Media Release

Think tank calls for financial rewards for increased dementia diagnosis rates

Flawed commissioning of healthcare is getting in the way of effectively tackling dementia, because it gives practitioners no incentive to diagnose the condition, a study claims today.

The Social Market Foundation study, A Future State of Mind, looks at why the UK has such poor dementia diagnosis rates by international standards, through a series of in-depth interviews with Alzheimer’s patients and their carers, and an analysis of the barriers to diagnosis on the practitioner side. The study concludes that barriers to early diagnosis are complex and multifaceted, stemming both from patients’ own fears and reluctance to seek diagnosis, and from clinicians’ lack of time, confidence or training.

The SMF says this is exacerbated by current commissioning systems that reward static processes, like requiring GPs to keep a register of dementia patients. These are ineffective in tackling England’s patchy performance, as they provide no incentives for diagnosis. Instead, the report argues, all healthcare commissioners in an area should be financially rewarded for the same thing: achieving increased numbers of diagnoses. As well as bringing benefits to patients, this change would open up opportunities to save money in the NHS and social care.

The study also says that commissioners should be encouraged to seek external finance to fund innovative and experimental activities that will increase diagnosis in their area, for example, through social impact bonds.

Nigel Keohane, SMF Deputy Director and co-author of the report said: 

“While there is no cure for dementia, early diagnosis means that patients can access treatment and support, allowing them and their families to prepare for the future progress of the condition. Early diagnosis also makes sense from a fiscal perspective: the current cost of dementia to the UK is estimated to be £23 billion per year and this is set to rise as the population ages. Costs to the state can be reduced if diagnosis happens earlier.

“But incentives within the system are currently not set up to lead practitioners to invest in improved diagnosis rates. Our study shows that there may be a multitude of different reasons for dementia not being diagnosed early: patients may be unable to distinguish between the signs of dementia and the ageing process, they may be in denial or fearful of seeking treatment, or practitioners may be too busy or lacking in knowledge of the condition to diagnose them.

“That’s why incentives for GPs, Clinical Commissioning Groups and Directors of Public Health should be directly linked to increased diagnosis rates, and practitioners should be free to innovate. Allowing commissioners to tailor solutions to what works for patients and their local population is the best way to achieve this, rather than focusing rewards on inflexible and rigid processes.”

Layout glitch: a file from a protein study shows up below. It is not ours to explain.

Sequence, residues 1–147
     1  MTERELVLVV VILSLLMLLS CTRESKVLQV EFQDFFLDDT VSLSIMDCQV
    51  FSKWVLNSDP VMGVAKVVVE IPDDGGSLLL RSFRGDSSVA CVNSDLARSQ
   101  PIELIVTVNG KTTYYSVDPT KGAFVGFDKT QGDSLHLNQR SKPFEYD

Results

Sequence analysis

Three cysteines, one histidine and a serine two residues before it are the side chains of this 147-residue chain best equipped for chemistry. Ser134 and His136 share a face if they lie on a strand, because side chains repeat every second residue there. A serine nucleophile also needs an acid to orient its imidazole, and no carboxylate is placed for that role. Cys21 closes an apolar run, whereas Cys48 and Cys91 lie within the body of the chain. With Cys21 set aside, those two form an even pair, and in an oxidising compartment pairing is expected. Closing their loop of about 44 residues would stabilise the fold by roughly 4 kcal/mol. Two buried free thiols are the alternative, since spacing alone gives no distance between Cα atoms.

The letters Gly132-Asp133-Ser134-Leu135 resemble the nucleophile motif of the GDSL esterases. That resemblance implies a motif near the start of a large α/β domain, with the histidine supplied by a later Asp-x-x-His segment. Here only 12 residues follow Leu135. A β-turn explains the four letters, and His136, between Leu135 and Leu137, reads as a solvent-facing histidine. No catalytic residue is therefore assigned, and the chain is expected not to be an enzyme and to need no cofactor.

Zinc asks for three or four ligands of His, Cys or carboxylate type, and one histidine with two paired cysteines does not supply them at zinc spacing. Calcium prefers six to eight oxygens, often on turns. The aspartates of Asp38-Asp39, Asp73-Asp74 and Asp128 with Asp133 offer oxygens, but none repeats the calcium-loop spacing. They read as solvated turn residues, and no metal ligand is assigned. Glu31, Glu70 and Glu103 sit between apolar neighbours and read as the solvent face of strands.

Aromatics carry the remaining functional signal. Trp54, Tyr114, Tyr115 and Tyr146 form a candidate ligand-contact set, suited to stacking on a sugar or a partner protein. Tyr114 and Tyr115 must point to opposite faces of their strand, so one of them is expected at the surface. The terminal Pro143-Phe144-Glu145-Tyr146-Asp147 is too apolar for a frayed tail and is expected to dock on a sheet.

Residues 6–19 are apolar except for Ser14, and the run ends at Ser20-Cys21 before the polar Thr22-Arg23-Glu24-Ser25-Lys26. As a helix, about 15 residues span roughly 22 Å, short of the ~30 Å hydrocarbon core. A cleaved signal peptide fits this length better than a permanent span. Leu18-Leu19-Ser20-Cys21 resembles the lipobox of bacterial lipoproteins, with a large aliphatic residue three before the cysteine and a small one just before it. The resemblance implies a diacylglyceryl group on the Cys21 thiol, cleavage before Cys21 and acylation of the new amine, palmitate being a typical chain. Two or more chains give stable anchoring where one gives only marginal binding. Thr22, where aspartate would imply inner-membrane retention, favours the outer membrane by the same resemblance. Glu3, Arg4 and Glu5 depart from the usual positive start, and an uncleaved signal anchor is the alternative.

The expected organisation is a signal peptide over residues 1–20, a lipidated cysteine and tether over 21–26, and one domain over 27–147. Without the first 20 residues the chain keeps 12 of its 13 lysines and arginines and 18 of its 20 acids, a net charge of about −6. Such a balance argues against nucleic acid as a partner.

The Social Market Foundation study argues that incentives for tackling dementia across the healthcare system should be aligned and calls for a series of specific reforms:

  • the Quality Outcomes Framework (which rewards GPs for keeping a register of dementia patients) should be linked to increased diagnosis rates;
  • the Commissioning for Quality and Innovation system (which rewards increased identification of dementia amongst hospital patients) should be redesigned as a broad national outcome to be targeted by local commissioners at any local providers.
  • The Commissioning Outcomes Framework and the new Health Premium should include incentives for dementia diagnosis to reward Clinical Commissioning Groups and Public Health Directors respectively.

The SMF also recommends that the Cabinet Office’s recently launched £20m Social Outcomes Finance Fund should be used to encourage commissioners to develop “dementia impact bonds”, which could fund activities such as targeted screening, outreach work, awareness campaigns and case-finding to improve diagnosis rates.

Notes to Editors

  • The SMF commissioned TSN BMRB to carry out interviews with ten Alzheimer patients or their carers. The recruitment and interviews were carried out between August and October 2012.
  • The SMF’s interviews with Alzheimer’s patients and their carers revealed common barriers that often prevented people seeking medical advice until triggered by a crisis, such as being lost, injured or in danger. Common barriers included:
    • Lack of knowledge about Alzheimer’s disease and the closeness of its symptoms to those associated with ageing.
    • Gradual manifestation of Alzheimer’s disease – and the inability to treat problems as acute and serious.
    • Fear of Alzheimer’s disease, and denial of the disease and its implications.
    • Lack of trust in the health system.
    • Lack of support, either from family or friends.
  • The SMF also carried out an extensive literature review, analysis of international performance and a regression analysis of factors that are associated with low diagnosis rates in different areas of England.
  • A Future State of Mind is sponsored by Lilly UK. It will form the basis of a discussion on Thursday 13 December at the House of Commons with Rt Hon David Blunkett MP, Chris Skidmore MP, Professor Sube Banerjee and the SMF’s Nida Broughton. For more information, please see
  • The Social Market Foundation (SMF) is a leading UK think tank, recently named UK Think Tank of The Year and Economic and Financial Think Tank of the Year
  • The SMF develops innovative ideas across a broad range of economic and social policy, champions policy ideas which marry markets with social justice and takes a pro-market rather than free-market approach.


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